How to say goodbye to your college bound child
Letting go of your college bound child
If you have a child going off to college for the first time, you may be feeling anxious, scared, worried...or maybe even happy. It can be confusing at first, but after a little while you will adjust to having your child far away from you, especially if you follow a few simple tips.
1. Reassure your child that they will be fine away from home. Though your child may act ready to leave and excited to start this new adventure, there is sure to be a little anxiety and apprehension. If you are confident in your child's abilities, your child will be also.
2. Don't draw out the goodbyes. Nothing is more difficult for both children and parents than saying goodbye after the dorm room has been set up and everything is unpacked. Make it as quick and painless as possible - like ripping off a bandage. There will be tears - yours and theirs - but that's ok. Just keep moving.
3. Don't hover. Don't call, text, email, Facebook chat, tweet, IM, or anything else. Let your child take the lead on contacting you. Sooner or later they all call home. Once again, if your child senses your anxiety, they will feel shaky as well. By letting them call you when they need the comfort of your voice or a few extra dollars, you are allowing them to manage their feelings without you, which is an important element in growing up.
Now the next step...adjusting to your home with one less person
The hard part isn't really letting go of them, it's adjusting to them not being home. The empty bedroom, the chair at the dinner table, the reduced chaos - it really is quite startling how different things are when a family member is living away from home. There are a couple of things to do to make the transition a little easier for you:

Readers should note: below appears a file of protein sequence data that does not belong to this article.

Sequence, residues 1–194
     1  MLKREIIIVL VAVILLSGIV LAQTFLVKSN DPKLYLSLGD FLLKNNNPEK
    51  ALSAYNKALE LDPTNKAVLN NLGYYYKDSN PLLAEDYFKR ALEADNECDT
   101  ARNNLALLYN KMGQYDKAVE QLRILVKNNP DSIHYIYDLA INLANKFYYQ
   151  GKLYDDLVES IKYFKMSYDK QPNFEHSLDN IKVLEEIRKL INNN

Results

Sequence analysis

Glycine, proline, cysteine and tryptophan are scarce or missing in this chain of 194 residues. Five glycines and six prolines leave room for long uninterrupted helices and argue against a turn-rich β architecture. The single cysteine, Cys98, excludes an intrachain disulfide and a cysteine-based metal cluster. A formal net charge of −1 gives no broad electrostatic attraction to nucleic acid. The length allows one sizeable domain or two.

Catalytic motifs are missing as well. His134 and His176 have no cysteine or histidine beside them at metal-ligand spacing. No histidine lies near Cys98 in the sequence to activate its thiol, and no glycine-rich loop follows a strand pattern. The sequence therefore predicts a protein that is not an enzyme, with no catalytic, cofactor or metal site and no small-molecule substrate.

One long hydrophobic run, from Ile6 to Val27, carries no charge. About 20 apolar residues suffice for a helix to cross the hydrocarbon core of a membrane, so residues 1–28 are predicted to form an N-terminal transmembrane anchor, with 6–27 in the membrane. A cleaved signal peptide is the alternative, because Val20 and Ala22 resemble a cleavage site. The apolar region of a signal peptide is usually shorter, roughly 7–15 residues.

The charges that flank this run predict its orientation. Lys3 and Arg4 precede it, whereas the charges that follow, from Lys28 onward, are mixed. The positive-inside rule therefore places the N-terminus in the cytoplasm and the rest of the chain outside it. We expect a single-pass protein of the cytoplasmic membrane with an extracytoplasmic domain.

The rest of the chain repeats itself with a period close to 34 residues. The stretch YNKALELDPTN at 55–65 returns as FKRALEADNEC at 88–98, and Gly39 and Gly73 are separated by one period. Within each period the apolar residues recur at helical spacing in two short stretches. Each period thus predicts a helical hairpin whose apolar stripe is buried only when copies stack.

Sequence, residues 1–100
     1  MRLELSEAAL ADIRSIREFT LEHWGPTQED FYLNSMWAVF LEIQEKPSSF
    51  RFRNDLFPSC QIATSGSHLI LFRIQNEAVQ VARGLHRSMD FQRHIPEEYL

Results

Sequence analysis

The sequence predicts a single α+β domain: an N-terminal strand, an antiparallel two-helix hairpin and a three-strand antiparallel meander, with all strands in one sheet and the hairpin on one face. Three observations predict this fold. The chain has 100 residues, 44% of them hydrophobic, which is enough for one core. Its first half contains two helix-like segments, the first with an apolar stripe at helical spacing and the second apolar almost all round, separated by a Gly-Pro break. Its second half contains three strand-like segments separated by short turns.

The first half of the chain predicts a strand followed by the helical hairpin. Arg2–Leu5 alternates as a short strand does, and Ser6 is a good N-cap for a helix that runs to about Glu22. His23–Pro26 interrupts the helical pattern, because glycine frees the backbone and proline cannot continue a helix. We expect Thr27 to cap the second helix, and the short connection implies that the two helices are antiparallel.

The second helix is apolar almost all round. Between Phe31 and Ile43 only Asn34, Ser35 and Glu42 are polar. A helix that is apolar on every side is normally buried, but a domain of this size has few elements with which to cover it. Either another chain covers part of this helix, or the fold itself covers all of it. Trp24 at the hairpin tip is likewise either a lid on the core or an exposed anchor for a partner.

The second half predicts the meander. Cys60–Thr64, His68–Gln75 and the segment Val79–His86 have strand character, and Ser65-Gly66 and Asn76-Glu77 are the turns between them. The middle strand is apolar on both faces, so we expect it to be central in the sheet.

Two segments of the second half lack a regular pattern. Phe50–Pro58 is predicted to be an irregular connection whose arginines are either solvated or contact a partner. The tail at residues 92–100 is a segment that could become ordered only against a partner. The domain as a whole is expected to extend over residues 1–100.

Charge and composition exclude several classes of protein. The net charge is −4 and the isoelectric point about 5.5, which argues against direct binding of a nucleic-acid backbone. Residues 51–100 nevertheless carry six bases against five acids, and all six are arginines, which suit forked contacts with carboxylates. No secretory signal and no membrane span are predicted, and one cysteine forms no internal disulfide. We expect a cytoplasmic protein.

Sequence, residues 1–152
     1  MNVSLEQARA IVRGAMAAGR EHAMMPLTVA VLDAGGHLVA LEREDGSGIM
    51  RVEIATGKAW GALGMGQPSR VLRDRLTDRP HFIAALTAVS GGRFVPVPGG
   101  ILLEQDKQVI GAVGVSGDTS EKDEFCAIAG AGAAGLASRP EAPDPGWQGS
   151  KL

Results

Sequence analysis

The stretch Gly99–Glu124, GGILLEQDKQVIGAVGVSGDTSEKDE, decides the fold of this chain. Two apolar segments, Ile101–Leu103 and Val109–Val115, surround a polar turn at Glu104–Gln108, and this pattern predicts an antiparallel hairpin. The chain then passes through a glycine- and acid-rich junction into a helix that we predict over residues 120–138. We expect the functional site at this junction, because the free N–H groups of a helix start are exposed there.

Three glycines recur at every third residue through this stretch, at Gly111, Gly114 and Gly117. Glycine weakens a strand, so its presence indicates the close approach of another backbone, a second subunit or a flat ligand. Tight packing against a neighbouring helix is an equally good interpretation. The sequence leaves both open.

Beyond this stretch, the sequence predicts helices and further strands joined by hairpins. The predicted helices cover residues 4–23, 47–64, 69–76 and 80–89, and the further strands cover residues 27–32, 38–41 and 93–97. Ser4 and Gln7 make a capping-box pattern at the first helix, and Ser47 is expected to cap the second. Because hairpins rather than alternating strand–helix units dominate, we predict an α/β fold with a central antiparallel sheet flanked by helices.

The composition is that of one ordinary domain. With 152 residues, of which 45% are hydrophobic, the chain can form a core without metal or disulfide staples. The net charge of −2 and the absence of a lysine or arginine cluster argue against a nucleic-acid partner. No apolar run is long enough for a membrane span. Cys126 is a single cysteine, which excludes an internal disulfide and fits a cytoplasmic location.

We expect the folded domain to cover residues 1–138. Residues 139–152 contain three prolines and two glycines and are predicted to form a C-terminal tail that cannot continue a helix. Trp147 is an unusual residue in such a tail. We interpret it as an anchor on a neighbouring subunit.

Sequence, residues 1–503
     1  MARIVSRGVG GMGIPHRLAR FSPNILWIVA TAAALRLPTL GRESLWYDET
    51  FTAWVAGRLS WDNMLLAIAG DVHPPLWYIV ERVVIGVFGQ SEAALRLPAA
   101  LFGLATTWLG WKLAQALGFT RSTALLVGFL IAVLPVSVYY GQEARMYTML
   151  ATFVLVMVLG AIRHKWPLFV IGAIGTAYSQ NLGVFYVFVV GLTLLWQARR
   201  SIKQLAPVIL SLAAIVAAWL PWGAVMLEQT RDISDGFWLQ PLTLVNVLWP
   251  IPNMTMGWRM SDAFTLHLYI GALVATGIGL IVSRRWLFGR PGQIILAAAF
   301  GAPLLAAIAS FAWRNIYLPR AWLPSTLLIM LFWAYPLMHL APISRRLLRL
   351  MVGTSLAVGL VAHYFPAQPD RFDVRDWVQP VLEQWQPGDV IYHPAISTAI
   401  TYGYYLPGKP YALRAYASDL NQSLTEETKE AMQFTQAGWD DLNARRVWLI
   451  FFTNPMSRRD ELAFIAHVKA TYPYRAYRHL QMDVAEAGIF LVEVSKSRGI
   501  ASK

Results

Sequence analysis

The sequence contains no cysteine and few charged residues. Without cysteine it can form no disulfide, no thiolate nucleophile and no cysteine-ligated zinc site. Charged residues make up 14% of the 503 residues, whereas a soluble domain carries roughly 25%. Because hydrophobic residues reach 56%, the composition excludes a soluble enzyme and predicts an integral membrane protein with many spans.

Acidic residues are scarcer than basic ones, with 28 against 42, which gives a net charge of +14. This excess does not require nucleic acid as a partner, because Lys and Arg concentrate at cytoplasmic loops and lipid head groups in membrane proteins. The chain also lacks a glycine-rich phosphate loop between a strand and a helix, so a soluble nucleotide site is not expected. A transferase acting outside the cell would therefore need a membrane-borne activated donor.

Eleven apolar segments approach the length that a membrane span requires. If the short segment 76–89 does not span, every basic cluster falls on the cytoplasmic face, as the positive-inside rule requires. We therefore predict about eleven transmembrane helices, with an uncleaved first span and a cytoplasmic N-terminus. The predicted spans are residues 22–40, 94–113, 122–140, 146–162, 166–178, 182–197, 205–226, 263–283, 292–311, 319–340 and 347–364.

1. Focus your attention on the other children who are still at home with you. Often senior year of high school becomes one long conversation with the graduating child, beginning with college applications and ending with prom dates. Now you can pay a little more attention to younger siblings, who were probably rolling their eyes right around the end of March when college acceptances (and rejections) started arriving.
2. Take the opportunity to do a deep cleaning of your college kid's bedroom. If nothing else, it will make you realize how nice it is to have one room that is neat, clean and organized...at least for the time being.
3. If you have a little more free time, do some of the things you've been wanting to do but haven't been able to. Perhaps you could find a little corner in your college kid's room and make it your reading nook. Or maybe you now have time to do things with your other children that your college student didn't enjoy - sporting events, theater, whatever they are interested in.
There is no way to know how long it will take for any one person to adjust successfully to having a child leave home for the first time, but by letting go, keeping busy and knowing that they will be back for Thanksgiving, it shouldn't be all that difficult.